Orange Lemon Egg Canary
Uma Productions at Chopin Theatre (see Fringe & storefront). By Rinne Groff. Dir. Mikhael Tara Garver. With Anne Adams, Laura Hooper, Dennis Watkins, Elaine Robinson.
Like an apprentice magician practicing a trick again and again, Rinne Groff tirelessly works at her love-magic metaphor. When magician Great (Watkins) meets waitress Trilby (Hooper), both negotiate love’s trick-ridden terrain, where the object of affection isn’t quite what he or she seems. Meanwhile, Great’s magician-granddad’s assistant, Henrietta (Adams), a ghost in fishnet stockings, comments on the conceit: Magic’s illusion is like that of love; one wants to be duped, etc. Thanks to a captivating Adams, Henrietta’s scenes shimmer.
Yet while describing the magic of love, Groff misses the magic of theater. Great says an audience, like a lover, wants to be fooled, but in both cases, one needs to trust the magician-lover-writer is worth being fooled for. Groff never establishes that trust; she gives Great and Trilby not sleight-of-hand romance but stilted, see-through dialogue. We detect the plot’s strings (Great, the deceiving magician, betrays Trilby); we spot the card up the author’s sleeve (Trilby, the deceptively passive assistant, betrays Great).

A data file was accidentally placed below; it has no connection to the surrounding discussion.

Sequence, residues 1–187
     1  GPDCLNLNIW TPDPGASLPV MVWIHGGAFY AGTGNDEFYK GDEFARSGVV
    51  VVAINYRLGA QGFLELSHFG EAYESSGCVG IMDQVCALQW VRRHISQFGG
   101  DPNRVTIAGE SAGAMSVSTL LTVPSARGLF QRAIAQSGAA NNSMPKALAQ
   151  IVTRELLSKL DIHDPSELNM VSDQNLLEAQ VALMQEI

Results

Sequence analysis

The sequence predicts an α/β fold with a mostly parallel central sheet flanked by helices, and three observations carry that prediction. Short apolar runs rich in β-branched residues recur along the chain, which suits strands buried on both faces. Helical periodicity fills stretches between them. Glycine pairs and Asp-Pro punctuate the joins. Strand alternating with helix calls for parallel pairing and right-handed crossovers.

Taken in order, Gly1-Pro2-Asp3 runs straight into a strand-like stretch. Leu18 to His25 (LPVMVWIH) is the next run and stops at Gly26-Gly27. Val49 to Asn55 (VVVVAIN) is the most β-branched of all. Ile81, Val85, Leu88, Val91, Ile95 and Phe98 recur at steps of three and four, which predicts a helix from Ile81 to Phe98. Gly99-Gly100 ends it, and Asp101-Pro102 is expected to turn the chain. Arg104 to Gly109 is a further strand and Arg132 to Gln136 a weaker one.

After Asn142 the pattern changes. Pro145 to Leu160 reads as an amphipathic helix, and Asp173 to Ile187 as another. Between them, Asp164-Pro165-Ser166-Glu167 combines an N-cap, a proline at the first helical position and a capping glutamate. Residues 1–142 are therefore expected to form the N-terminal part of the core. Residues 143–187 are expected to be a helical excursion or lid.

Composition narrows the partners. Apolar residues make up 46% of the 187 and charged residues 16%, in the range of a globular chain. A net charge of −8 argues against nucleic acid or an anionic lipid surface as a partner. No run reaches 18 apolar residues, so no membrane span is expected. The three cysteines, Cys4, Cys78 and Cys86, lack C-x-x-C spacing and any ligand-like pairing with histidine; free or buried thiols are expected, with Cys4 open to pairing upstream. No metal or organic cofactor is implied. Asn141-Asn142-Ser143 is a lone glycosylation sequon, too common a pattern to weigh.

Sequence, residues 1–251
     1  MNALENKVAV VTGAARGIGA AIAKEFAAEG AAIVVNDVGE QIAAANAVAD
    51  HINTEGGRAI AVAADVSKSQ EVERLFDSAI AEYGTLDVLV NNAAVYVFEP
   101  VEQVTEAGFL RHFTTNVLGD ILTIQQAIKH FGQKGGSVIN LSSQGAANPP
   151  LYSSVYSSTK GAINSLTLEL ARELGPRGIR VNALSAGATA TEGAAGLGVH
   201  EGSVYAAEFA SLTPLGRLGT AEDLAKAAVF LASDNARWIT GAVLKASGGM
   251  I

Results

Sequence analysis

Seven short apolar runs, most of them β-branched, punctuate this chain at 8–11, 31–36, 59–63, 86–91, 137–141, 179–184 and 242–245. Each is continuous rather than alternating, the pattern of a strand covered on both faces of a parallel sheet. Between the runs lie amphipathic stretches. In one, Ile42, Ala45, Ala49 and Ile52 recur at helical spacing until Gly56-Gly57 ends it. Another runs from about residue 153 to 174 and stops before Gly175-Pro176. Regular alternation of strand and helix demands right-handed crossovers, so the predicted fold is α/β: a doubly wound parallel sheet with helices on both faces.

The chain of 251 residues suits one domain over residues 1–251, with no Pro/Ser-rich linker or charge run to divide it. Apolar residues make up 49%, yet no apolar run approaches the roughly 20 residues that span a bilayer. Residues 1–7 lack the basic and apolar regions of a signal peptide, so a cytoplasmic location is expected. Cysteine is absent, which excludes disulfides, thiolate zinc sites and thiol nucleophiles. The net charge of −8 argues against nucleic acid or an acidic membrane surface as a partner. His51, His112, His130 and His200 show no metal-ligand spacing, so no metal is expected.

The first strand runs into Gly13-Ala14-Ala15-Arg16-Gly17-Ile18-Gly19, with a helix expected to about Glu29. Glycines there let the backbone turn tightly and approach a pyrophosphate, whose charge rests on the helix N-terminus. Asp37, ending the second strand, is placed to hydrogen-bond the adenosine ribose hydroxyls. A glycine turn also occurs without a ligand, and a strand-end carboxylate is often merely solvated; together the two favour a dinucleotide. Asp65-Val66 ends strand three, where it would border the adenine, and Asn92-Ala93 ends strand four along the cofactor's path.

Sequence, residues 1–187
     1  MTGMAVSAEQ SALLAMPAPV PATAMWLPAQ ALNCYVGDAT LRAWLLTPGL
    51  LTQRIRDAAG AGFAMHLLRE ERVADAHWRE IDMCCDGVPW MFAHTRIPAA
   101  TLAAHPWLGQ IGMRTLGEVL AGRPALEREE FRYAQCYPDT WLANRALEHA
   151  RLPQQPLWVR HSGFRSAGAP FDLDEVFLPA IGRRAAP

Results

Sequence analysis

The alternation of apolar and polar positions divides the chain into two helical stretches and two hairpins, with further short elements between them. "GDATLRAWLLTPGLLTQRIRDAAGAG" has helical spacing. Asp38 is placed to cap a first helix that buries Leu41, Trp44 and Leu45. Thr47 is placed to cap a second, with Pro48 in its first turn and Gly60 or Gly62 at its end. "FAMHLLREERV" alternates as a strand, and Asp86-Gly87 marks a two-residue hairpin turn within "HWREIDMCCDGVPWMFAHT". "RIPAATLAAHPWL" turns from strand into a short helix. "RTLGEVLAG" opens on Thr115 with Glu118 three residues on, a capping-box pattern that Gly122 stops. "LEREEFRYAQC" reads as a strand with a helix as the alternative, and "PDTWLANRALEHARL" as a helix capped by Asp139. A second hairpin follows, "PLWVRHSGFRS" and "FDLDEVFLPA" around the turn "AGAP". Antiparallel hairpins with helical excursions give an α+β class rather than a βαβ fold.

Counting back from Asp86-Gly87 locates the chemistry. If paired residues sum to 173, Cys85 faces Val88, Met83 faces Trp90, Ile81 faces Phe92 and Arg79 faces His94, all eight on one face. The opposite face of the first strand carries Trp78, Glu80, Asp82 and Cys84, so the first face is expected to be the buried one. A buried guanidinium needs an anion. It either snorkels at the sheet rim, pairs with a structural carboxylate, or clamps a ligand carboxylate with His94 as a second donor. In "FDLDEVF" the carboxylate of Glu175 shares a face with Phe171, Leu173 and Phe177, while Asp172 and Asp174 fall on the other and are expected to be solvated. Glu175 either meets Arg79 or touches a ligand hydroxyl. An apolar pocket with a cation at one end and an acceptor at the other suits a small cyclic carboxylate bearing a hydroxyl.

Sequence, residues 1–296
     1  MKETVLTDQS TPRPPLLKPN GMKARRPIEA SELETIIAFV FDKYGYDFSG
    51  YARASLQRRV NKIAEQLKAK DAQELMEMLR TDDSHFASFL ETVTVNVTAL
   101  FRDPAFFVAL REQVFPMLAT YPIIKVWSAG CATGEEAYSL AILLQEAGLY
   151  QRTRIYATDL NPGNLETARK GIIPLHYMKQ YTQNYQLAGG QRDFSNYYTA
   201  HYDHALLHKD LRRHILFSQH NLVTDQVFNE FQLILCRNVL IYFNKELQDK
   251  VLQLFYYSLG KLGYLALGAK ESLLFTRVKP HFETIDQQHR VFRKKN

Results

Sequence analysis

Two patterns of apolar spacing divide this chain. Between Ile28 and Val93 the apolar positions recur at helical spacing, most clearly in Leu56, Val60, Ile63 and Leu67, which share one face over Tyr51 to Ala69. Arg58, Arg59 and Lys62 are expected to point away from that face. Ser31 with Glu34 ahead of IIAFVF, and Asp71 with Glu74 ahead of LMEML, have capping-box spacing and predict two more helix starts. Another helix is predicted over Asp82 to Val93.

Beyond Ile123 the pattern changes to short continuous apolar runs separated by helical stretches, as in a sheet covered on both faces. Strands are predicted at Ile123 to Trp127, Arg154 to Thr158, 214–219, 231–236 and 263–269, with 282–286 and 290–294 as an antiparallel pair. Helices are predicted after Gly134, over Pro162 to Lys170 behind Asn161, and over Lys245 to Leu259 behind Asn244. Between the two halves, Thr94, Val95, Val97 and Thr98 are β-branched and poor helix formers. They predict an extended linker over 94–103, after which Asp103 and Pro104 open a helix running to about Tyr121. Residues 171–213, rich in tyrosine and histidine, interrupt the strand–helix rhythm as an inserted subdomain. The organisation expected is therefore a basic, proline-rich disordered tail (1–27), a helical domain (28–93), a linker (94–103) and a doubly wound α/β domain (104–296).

Although we ask of Watkins (more magician than actor), How’d he do that?, we don’t have that out-of-body wonder for the play itself. And while Scotty Iseri’s sound design is excellent, the main set piece, an unwieldy red curtain, proves intrusive. Yet when even the talented Garver and Robinson (Great’s ex) can’t pull Groff’s language over our eyes, more polished performances and design likely wouldn’t do the trick. Near the end, Adams delivers Henrietta’s spurned-lover speech with utterly riveting passion; it’s the closest to real magic we ever get.—Novid Parsi